Java: A Beginner's Tutorial, by Budi Kurniawan 462
Adobe InDesign CS5 On Demand, by Steve Johnson - Perspection, Inc. 358
SAP MM HANDBOOK, by Kogent Learning Solutions, Inc. 356
Microsoft Excel 2010 Step by Step, by Curtis D. Frye 340
Sams Teach Yourself Android Application Development in 24 Hours, by Lauren Darcey, Shane Conder 305
Beginning iPhone and iPad Web Apps: Scripting with HTML5, CSS3, and JavaScript, by Chris Apers, Daniel Paterson 278
Ruby on Rails 3 Tutorial: Learn Rails by Example, by Michael Hartl 270
IT Systems Management, Second Edition, by Rich Schiesser 220

The Safari stats interface doesn't make it really easy to identify this. Finding the number of sessions isn't too bad*, but we have to report the total number of "circulations" for these ebooks - which to me means the number of times each one was accessed.

I was able to run one report that seemed like a master total usage report, which I think indicated that 433 of our ebooks have been "hit" a total of 12,256 times.

Also interesting, if I'm reading these reports right, those 433 books are only about 1/8 of the collection, meaning 7/8 never got touched even once. Also, of those 433, 250 were accessed five or fewer times (totaling 410 circs), and the top twelve books (which all had >200 "hits") have a combined total of 5233 circs. Which means that 12 books account for a little under half of our total activity.

That is shocking, but also should be a fairly good indicator of what the leading technologies are right now (at least for my patrons, and among the selections available in our Safari catalog) - and a good reason to supplement our Safari access with print copies.


*Incidentally, we had 963 patron user sessions for FY11

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New Biography Selection Criteria

   April 22nd, 2010 Brian Herzog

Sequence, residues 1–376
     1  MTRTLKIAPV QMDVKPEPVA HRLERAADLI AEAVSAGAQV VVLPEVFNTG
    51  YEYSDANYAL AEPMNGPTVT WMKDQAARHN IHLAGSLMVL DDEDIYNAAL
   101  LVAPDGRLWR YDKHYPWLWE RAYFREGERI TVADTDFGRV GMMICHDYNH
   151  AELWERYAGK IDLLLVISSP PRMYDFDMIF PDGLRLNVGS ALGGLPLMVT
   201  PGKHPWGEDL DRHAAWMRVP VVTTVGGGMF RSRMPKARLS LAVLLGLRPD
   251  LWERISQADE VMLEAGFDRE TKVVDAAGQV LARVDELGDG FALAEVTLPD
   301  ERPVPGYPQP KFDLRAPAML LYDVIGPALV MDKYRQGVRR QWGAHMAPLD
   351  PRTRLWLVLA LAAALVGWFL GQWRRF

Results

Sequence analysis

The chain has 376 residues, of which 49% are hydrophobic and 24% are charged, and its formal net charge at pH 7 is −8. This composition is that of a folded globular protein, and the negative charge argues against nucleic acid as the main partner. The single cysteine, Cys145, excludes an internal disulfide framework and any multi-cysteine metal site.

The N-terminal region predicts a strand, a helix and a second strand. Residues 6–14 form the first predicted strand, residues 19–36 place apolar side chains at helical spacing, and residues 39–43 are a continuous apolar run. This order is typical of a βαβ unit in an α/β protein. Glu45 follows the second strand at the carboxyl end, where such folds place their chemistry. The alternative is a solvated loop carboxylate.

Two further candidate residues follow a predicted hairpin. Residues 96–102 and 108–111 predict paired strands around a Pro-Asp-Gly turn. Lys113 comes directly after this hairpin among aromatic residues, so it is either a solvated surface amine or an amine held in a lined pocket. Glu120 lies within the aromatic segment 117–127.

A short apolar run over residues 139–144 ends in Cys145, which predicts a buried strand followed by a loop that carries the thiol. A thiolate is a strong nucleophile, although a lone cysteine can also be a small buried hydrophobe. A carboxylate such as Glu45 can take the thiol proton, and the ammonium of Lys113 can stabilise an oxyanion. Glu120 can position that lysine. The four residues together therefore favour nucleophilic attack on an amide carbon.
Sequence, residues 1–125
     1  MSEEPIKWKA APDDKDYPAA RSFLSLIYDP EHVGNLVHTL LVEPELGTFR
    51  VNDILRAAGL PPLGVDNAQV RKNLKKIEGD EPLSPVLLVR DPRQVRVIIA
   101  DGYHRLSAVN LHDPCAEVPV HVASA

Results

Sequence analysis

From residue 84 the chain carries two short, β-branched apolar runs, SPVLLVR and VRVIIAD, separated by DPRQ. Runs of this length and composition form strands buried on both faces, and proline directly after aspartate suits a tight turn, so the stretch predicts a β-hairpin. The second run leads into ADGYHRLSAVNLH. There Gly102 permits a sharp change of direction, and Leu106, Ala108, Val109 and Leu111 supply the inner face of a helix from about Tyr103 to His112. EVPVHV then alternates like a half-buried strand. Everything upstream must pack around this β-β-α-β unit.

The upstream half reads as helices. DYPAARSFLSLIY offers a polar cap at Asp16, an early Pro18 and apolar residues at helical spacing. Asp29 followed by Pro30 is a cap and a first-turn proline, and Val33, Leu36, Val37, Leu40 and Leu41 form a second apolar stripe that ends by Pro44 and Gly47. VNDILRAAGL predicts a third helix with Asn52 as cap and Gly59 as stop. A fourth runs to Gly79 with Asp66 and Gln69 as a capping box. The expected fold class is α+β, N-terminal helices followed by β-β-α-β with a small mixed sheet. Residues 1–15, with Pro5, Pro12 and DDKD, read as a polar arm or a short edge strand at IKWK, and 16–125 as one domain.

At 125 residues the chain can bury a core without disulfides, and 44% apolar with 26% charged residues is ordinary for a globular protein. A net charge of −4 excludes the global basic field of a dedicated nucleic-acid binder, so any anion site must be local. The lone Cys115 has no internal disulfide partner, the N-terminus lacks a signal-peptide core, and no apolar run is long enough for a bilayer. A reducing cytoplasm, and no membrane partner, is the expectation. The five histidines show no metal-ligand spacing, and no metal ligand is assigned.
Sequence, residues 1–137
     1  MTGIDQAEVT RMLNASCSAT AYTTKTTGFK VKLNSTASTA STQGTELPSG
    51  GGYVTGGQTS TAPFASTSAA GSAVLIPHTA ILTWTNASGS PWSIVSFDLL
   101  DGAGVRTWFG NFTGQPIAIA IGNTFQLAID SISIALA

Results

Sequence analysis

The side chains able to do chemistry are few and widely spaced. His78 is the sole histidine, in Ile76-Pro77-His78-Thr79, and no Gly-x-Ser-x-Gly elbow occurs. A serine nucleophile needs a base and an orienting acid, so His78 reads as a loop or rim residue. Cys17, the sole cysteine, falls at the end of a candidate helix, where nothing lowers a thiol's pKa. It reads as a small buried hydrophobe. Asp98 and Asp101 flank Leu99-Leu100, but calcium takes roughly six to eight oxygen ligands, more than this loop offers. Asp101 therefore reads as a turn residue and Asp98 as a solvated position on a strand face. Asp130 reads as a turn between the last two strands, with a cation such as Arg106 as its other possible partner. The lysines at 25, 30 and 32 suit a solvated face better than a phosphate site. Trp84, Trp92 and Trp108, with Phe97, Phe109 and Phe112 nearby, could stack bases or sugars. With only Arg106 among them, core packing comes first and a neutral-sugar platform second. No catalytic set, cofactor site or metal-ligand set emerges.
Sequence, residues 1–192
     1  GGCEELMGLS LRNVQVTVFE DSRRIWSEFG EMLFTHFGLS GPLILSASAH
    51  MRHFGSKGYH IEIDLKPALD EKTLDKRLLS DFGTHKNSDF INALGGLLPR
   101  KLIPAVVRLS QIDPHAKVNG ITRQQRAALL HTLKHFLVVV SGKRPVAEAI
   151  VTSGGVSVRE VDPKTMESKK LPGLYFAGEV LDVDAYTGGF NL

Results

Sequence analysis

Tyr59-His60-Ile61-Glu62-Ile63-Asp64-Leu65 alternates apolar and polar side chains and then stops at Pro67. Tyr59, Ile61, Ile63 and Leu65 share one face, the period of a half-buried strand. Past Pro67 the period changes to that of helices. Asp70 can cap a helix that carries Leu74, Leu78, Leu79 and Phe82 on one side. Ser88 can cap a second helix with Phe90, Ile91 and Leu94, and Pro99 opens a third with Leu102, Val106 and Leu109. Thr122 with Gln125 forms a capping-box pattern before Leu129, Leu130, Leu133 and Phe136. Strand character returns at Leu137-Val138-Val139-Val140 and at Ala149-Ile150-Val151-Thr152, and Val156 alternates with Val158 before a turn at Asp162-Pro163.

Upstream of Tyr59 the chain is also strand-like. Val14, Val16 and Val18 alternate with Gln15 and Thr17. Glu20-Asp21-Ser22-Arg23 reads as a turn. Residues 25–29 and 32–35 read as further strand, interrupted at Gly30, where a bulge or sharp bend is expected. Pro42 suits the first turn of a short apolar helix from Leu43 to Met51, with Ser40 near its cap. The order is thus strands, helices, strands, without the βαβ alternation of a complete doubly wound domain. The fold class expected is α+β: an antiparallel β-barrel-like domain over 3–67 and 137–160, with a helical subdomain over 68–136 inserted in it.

BiographiesMy library's ever-shrinking book budget has made me be more discerning when it comes to selection. However, one area that is always difficult for me is biographies.

It seems like every troubled athlete, aging celebrity, recovering musician, reality television personality, unfaithful politician (and their wives), have all signed book deals. I don't pay much attention to pop culture personalities, so it's hard for me to tell if the person is someone significant.

So I was joking with a coworker about a new selection criteria for all of these celebrity memoirs. Since the importance of many of these people is based on social zeitgeist, I thought I could use Google to help me decide. I figure that if a person is important, a Google search for that person's name should return at least one million webpages. If they're above that (arbitrary) threshold, I'll buy their biography - if not, then I'll check again when the paperback comes out.

Granted, not all my ideas are practical, but here's how some current biographies fare with this "hive mind" selection criteria:

Obviously, not flawless, but this Google criteria might help tell me who I should pay attention to. And in addition to traditional reviews and ratings, another one of my tactics is to wait until requests for a book reach a certain number before ordering it, but that method only addresses demand after the fact, and leaves out the patrons who didn't think to request it.

Selection is a fine art, but when it comes to biographies, most my crayons are dull.